Lukovich et al. (Centre for Earth Observation Science, U. of Manitoba); 4.6; Heuristic-Dynamics
Investigation of dynamical atmospheric contributions in spring to sea ice conditions in fall, based on comparison of 2011 and 2007 stratospheric and surface winds and sea level pressure (SLP) in April and May suggests regional differences in sea ice extent in fall, in a manner consistent with recent studies highlighting the importance of coastal geometry in seasonal interpretations of sea ice cover (Eisenman, 2010). The absence of anomalous features evident in 2007 in SLP and stratospheric and surface winds in spring in 2011 indicates that accelerated decline associated with the former will not be an artifact of dynamical phenomena, although a thinner and more mobile ice cover may lower the wind forcing threshold required for increased ice export. Lower ice concentrations in 2011 relative to 2007 in late May indicate increased sensitivity of the arctic ice cover to atmospheric dynamical forcing, with implications for ice transport during summer.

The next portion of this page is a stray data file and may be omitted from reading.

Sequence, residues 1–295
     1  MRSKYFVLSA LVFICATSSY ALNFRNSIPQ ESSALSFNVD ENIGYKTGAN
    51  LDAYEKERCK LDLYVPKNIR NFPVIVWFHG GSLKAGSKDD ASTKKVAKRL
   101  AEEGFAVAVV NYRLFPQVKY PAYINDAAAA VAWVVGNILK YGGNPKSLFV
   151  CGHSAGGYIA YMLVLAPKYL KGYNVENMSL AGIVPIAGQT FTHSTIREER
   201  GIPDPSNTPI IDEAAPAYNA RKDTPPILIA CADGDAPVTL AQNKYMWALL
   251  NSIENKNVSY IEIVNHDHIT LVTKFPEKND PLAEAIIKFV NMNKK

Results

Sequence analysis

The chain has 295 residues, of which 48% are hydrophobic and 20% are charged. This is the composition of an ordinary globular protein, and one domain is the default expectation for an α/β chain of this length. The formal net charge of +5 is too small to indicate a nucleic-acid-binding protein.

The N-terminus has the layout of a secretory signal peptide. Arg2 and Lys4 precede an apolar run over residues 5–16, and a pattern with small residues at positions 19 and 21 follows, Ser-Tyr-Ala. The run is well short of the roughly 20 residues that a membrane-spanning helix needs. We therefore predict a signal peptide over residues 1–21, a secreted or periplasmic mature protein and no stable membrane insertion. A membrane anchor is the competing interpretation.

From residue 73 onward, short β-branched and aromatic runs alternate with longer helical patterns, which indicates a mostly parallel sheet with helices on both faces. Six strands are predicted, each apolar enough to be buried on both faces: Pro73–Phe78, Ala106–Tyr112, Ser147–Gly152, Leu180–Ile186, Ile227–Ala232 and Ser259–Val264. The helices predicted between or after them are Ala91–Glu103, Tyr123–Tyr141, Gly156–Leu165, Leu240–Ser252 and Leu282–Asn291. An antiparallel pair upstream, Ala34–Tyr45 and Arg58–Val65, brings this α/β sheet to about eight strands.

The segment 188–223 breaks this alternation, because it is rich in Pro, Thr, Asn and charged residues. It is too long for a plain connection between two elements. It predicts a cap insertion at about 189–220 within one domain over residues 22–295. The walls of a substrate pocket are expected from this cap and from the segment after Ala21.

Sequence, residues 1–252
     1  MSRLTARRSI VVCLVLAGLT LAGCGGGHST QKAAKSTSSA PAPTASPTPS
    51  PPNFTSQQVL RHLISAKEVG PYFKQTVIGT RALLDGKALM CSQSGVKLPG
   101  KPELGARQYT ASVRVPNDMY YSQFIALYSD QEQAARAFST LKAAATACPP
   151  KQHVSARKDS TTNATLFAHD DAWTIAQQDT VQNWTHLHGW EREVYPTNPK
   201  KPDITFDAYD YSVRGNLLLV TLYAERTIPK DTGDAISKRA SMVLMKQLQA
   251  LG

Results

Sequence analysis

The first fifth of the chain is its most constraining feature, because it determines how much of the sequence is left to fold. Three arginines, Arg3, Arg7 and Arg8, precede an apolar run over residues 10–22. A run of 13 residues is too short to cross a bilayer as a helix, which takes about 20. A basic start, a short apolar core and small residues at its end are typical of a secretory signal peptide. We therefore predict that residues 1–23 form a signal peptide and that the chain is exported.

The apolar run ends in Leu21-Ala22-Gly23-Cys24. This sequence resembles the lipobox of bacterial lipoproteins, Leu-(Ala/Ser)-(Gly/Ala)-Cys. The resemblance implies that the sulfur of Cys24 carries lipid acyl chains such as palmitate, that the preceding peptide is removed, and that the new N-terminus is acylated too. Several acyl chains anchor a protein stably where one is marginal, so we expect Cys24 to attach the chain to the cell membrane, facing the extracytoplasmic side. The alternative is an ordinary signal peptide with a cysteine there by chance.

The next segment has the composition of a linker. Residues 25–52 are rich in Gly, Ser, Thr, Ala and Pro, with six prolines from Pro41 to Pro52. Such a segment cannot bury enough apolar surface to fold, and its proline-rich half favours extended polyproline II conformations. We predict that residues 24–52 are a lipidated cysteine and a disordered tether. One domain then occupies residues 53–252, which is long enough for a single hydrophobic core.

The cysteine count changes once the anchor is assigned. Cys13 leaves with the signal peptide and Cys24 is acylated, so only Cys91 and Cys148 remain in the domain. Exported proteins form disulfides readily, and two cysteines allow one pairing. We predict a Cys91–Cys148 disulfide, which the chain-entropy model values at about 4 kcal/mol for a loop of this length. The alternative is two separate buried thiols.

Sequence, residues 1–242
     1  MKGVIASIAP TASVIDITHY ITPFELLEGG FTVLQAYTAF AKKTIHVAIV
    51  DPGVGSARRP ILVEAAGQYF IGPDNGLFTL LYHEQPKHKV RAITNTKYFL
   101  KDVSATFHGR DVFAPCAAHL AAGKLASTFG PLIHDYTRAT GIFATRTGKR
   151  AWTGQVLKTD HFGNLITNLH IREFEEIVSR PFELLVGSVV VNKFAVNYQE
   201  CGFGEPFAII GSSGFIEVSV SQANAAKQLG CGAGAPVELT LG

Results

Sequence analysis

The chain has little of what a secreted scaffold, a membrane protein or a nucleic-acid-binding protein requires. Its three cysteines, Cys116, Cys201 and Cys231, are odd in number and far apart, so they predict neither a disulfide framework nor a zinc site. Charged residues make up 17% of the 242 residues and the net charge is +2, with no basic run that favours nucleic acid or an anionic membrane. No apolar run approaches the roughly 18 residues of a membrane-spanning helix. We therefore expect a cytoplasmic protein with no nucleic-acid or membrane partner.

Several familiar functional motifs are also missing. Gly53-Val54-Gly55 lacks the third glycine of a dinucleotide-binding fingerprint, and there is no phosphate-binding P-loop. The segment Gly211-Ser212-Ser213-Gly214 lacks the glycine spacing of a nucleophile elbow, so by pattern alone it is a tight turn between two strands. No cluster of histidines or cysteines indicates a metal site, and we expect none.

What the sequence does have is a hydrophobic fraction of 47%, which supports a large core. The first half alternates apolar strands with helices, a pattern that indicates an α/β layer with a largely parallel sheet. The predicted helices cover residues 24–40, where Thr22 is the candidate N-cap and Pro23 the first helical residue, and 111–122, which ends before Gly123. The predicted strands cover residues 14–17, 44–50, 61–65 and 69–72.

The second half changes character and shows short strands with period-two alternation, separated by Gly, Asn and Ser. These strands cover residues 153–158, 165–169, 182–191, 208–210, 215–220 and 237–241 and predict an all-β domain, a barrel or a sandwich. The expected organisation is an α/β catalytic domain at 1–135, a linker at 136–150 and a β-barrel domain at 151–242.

Tivy (University of Alaska Fairbanks); 4.5 ± 0.6; Statistical
Statistical – canonical correlation analysis (CCA). A persistence forecast based on February ice concentration anomalies is generated using CCA. February is chosen over May because the correlation with September extent is higher. The model is trained on the 1980-2010 period using the passive microwave derived data set (nasateam).
Hamilton (University of New Hampshire); 4.4, range 3.5 to 5.3; Statistical
This is a naive, purely statistical model. It predicts September mean extent simply from a Gompertz curve representing the trend over previous years. Estimation data are
NSIDC monthly mean extent reports from September 1979 through September 2010.
Grumbine et al. (NOAA/NWS/NCEP); 4.4 ± 0.5; Statistical
The physical basis of the statistical method is to model the growth of open water as a feedback process analogous to population growth under constraint. This produces a logistic curve. The statistics are used to estimate the three parameters for such curves.
Arbetter et al. (National Ice Center); 4.4; Statistical